Fritzie Brown

At the exhibition titled (Not)Temporary, staged by the National Museum of Modern Art at the Josip Račić Gallery from 13 February to 10 March, the cultural audience in Zagreb will have the opportunity to get reacquainted with the work of visual American artist Fritzie Brown after twenty years. She is an artist who, having worked for decades at Artslink in New York , fostered cultural exchange between Eastern Europe and the United States, collaborating with numerous Croatian artists as well. Croatian art audience will also remember Fritzie Brown for her two monochromatically restrained installations presented at the Recitativo exhibition in the Miroslav Kraljević Gallery in 2002. According to Branko Franceschi, the director of the National Museum of Modern Art and former head of the Miroslav Kraljević Gallery, with those works, the artist showcased her skill in the evocative transformation of the motif that captures the magical world around us and the trauma of intimacy. Fritzie Brown’s interest in working with art installation and multimedia has since shifted towards fundamental visual techniques. According to the curator of the exhibition, Branko Franceschi, at the Josip Račić Gallery exhibition, the artist presents herself as a sophisticated colourist with a distinct feeling for tactile values, skilled in execution and economical in the technical aspect of the medium. Around twenty recent works selected for this occasion were created in 2022 and 2023 in Manhattan and at the estate in upstate New York, and executed in traditional visual disciplines such as watercolour, gouache, mixed media, collage on paper and canvas, together with a series of coloured figures executed in glazed stoneware and one photograph. (…) Two works in the exhibition were selected for their complementary contrast to the formal visual elaborations that exhaust the painterly aspect of the exhibition. The first refers to the acceptance of the realisation of transience, both personal and undoubtedly artistic and cosmic. At the moment of retiring from active professional participation in the cultural scene, Fritzie Brown had the word temporary tattooed on her left forearm in a delicate font. This performative gesture of body art is, in fact, an appropriation of the concept of New York theatre artist Steve Cosson, highlighting Fritzie Brown’s affiliation with a generation where body art was conceived as a manifestation of intellectual and existential resistance to the destructive entanglement of the art market and the traditionally understood art object and, creativity accentuating the process of execution itself, embracing its truthful, disinterested potentials, seen as the ultimate and essentially human activity in which the subject identifies with the object in content, performance, and duration. If this appropriated performative gesture in the exhibition represents a philosophical extreme in relation to the central group of displayed artworks, at the opposite pole is a group of figurines that open up the realm of personal memories. Crafted in glazed stoneware and titled Father Figure: 5 Poor Examples, the figurines, utilising the customary format and technique of ornamental statuettes typical for decorating bourgeois households, reference the artist’s experience of growing up in a sequence of dysfunctional families where the only constant was mother although unrepresented within the group. Deviation from realistic depiction, feigning imprecise modelling and colouring in shaping the figurines in a kind of paraphrase of a child’s handwriting, suggests both the incompleteness and the inexorable presence of formative memories. They linger in the subconscious as representations, and the artist’s need to confront them is resolved by introducing them into the objective reality of the creative body of work, where the artist becomes the person in control. (…) – Branko Franceschi, from the essay in the accompanying exhibition catalogue.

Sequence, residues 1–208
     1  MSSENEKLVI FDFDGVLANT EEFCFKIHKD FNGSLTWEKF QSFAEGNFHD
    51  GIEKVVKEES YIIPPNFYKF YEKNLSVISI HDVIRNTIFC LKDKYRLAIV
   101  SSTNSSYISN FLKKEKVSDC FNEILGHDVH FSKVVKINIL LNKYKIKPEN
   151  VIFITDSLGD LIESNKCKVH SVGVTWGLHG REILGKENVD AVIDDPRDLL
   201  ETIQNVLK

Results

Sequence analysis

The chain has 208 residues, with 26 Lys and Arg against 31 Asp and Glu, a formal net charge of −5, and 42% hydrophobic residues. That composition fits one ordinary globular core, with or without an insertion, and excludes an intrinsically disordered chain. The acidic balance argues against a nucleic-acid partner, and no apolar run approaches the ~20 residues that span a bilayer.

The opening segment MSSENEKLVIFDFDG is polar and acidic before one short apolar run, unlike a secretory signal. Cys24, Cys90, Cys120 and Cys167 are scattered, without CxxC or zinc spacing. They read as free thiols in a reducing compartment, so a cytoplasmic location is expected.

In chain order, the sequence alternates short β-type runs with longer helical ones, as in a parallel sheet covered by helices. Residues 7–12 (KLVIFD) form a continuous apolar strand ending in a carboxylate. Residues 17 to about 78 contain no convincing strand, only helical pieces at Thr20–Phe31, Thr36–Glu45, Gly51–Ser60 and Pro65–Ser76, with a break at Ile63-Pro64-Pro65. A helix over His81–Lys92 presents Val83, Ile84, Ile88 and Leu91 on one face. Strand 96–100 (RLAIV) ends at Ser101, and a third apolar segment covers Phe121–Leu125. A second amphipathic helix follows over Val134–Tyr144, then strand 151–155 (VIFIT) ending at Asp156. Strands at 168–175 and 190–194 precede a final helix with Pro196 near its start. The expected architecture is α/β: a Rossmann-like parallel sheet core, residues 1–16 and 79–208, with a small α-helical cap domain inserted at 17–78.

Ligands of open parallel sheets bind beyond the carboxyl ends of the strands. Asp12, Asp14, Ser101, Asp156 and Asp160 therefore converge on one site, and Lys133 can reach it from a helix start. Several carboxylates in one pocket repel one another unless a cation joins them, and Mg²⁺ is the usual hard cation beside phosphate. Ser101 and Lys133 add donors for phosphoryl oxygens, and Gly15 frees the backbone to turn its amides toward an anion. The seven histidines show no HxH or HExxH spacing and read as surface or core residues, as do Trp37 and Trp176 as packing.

Translated by: Robertina Tomić
Images: Fritzie Brown
Beast / Self Portrait, 2023/ watercolor and collage / 55,8 x 45,7 cm / Photo: Jan Baracz
Temporary, Tattoo / concept: Steve Cosson / ink work: Bang Bang Studios / Photo: Goran Vranić, NMMU
Fufu’s Special Potato, 2022 / acrylic, bubble wrap,currency on wood panel 18 x 23 cm / Photo: Jan Baracz

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